• With financial support for families of the fallen. Many charities take to heart the charge made by Lincoln in his Second Inaugural. One of the best is the Armed Forces Family Scholarship and Assistance Fund, administered by the Marine Corps Law Enforcement Foundation, which provides educational scholarships to the children of all members of the armed services — both United States and Coalition forces — who fell liberating the people of Afghanistan and Iraq. The organization also gave substantial scholarships to the children of the men and women who died at the Pentagon on September 11. Donations, 100 percent of which go directly to recipients, can be sent to AFFSAF, P.O. Box 37, Mountain Lakes, N.J., 07046.

Yet, Memorial Day is more than giving to the living. It is also remembering the dead — who they were, where they fell and why they fought. How do we remember them today?

It begins at battlefields and burial grounds.

• By walking the silent pathways at Arlington Memorial Cemetery and by running a finger across the names etched into the Vietnam Memorial. By traveling to bloody fields like Gettysburg and Antietam, where liberty’s fragile seeds somehow flowered amid the thunder of cannon and the hail of shell. By paying our respects and by offering our prayers at the thousands of markers of sacrifice across the land, from Pearl Harbor to Ground Zero, from Yorktown, Va., to Shanksville, Pa.

• By seeing for the first time the service embodied in the statues passed by blindly each day. The determination of Adm. David Farragut, whose likeness as he led the way into New Orleans stands high in the middle of Farragut Square. The dedication of perhaps the greatest strategist of the Revolutionary War, Nathanael Greene, who sits astride his horse at Stanton Park between Fourth and Sixth streets NE. The devotion of the Japanese Americans of the 100th Battalion and the 442nd Regimental Combat Team during World War II, who gave their lives for the country even though the government had taken their freedoms away. Their patriotism is commemorated at the National Japanese American Memorial just a few blocks from Union Station.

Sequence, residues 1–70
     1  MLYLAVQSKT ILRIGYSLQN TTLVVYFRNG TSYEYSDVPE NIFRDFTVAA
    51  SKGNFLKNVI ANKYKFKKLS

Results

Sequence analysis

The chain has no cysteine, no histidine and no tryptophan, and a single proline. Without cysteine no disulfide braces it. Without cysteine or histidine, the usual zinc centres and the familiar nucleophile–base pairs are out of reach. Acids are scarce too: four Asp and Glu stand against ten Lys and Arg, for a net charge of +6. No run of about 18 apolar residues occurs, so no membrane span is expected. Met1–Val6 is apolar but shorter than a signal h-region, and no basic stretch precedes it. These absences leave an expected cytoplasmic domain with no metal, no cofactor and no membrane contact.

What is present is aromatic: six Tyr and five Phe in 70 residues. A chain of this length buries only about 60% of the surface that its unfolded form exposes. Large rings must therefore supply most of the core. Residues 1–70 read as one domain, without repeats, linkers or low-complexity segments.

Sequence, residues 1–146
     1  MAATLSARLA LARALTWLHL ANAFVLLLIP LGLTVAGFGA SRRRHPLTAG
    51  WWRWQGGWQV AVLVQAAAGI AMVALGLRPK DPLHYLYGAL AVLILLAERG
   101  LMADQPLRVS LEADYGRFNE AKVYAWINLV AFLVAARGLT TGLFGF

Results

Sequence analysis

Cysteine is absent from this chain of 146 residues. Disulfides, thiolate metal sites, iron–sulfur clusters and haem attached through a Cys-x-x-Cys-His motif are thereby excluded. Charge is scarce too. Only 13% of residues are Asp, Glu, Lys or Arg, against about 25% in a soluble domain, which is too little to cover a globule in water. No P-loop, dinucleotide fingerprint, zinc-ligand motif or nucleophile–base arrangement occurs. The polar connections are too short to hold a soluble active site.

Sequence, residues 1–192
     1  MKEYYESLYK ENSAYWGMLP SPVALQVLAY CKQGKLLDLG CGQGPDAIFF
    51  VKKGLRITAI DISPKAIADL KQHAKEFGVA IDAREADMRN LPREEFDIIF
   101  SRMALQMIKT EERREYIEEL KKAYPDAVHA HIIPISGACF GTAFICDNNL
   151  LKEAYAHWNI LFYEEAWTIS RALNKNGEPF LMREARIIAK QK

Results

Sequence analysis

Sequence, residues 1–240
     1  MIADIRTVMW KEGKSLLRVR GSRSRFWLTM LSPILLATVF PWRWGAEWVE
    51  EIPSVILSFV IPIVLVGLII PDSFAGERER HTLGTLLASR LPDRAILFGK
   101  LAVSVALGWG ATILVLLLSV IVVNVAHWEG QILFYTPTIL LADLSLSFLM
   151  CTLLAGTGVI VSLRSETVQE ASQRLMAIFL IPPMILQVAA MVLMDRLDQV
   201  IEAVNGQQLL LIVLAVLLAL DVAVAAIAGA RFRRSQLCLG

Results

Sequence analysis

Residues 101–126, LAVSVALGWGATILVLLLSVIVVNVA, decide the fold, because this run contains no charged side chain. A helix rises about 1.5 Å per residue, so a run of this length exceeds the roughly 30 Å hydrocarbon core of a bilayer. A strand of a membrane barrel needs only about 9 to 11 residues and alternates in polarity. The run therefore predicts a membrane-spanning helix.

• By learning of the self-sacrifice displayed by the fallen. Learning about Sgt. 1st Class Paul Smith, posthumously nominated for a Medal of Honor for holding off an Iraqi counterattack at Baghdad International Airport. Learning about Master Sgt. Gary Gordon and Sgt. First Class Randall Shughart, both awarded the Medal of Honor for fighting to the death while defending the critically injured crew of a downed helicopter in Mogadishu, Somalia. Learning about Cpl. Matthew Commons and Sgt. Phillip Svitak, who fell in Afghanistan while attempting to rescue a fellow soldier during Operation Anaconda. The Department of Defense maintains a list of those who have fallen in the war on terrorism at www.defendamerica.mil/fallen.html. Each name is a study in sacrifice, each memory a memorial to dedication.

• By viewing exhibits of courage and pictures of grief. Washington has many well-worn places to mourn and to remember, ranging from Arlington National Cemetery to the September 11th display at the National Museum of American History. Portraits of Grief, the New York Times monument of memory of those who lost their lives on September 11 is still maintained at www.nytimes.com.